As anything technology-driven, digital marketing is evolving fast, so it makes sense to review what’s working and what’s not presently.
1. Seeing is believing
This entails all sort of advertising that is performance-driven. This could be PPC (e.g. AdWords), affiliate marketing, display ads, online and offline. What makes an ad campaign perofrmance-driven? You need to be able to quantify both the involved expenses and the involved returns. This sounds easier than it really is. Focusing on the online world, most products have long purchase life cycles which involve many visits to the same website before finally making a purchase. This creates a dilemma, which visit should the purchase be attributed to? Is it the last visit that ended up in the purchase or the first that introduced our company to the customer or the middle ones that worked the customer up in order to finally decide to purchase? To address this dilemma various “attribution models” have been devised and depending on which one you decide to go with, you get a different ROI calculation per acquisition channel. As far as offline advertising goes, assigning ad campaigns to purchases is even more challenging, but it can be done. One way is communicate exclusive coupons in the offline ads and then assign all sales from those coupons to those offline ads. Another way is to measure traffic and sales spikes during offline advertising bursts and whatever is higher that the baseline to be attributed to the offline ads. This works well for TV ads which is powerful enough to produce well-defined spikes and there are cases where TV advertising has produced positive direct ROI. A third way, is to use specific phone lines and assign sales from those phone lines to the ad campaign. There is also step two to get to ROI: calculate the returns. Here there are two options: take into account the net revenues of the purchase or the customer’s lifetime value provided you know the retention rate per acquisition channel (and mind you retention rates vary based on acquisition channel). If ROI works out positive then that channel is a keeper. If not, then one might find another reason to keep it live, e.g. for branding reasons.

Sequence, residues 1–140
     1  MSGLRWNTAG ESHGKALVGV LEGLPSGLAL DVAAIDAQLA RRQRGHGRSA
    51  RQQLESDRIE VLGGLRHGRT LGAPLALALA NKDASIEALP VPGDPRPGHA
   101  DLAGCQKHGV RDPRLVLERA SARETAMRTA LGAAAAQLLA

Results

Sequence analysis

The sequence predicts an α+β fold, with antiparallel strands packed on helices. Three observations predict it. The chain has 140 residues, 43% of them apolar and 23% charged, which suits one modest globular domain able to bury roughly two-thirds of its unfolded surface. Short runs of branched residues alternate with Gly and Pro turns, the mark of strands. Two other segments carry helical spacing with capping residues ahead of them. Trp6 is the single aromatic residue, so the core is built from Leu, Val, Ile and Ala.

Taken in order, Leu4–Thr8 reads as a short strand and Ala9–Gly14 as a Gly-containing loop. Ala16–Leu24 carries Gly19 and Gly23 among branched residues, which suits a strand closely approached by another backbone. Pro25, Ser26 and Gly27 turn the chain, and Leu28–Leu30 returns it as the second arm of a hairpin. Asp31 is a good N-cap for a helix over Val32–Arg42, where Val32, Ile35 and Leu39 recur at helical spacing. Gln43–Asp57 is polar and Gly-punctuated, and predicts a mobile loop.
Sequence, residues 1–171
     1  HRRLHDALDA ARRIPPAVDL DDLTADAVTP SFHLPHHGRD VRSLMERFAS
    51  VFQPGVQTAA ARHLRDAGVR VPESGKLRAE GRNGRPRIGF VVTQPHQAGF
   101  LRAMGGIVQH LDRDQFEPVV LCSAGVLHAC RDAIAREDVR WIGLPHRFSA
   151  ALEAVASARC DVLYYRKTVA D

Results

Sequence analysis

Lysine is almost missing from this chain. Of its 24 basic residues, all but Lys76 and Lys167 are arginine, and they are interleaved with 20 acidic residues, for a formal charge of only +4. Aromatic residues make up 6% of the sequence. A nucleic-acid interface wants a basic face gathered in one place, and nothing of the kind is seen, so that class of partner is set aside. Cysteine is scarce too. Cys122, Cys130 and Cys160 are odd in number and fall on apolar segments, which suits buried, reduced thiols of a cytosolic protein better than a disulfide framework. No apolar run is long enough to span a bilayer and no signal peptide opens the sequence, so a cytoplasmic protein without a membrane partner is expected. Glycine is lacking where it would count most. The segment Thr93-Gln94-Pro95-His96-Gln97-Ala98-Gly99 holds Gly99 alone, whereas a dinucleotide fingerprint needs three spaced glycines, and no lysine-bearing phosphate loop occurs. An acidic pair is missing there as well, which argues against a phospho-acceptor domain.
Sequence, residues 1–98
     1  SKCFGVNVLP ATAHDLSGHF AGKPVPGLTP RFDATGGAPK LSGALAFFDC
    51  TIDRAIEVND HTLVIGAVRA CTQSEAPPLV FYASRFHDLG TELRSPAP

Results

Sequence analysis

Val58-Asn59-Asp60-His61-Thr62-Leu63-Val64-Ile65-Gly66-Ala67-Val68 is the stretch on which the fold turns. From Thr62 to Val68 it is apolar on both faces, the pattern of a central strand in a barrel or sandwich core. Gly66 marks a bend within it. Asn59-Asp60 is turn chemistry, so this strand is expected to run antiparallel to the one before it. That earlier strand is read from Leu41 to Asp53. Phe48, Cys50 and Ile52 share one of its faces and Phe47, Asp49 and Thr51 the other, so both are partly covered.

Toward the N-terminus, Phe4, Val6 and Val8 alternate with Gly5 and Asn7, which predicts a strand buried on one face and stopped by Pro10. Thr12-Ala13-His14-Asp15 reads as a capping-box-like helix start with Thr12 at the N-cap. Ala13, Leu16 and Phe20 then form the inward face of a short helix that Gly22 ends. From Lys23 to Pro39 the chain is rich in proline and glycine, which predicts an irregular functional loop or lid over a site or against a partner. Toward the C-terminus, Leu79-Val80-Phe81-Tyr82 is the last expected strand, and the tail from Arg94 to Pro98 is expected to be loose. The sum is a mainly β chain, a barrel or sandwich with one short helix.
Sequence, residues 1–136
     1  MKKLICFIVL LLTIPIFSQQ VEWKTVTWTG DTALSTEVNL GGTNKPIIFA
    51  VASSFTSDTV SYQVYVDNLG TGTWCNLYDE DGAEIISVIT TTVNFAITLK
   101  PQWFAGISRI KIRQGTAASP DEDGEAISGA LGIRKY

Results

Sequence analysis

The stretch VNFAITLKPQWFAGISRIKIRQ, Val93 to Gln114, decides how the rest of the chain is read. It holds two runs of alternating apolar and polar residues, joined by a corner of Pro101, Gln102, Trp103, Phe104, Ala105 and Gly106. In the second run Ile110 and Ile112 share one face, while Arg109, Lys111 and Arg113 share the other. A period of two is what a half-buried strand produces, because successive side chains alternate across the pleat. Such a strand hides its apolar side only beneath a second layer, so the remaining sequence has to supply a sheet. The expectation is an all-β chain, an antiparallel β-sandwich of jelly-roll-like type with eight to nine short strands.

2. Being relevant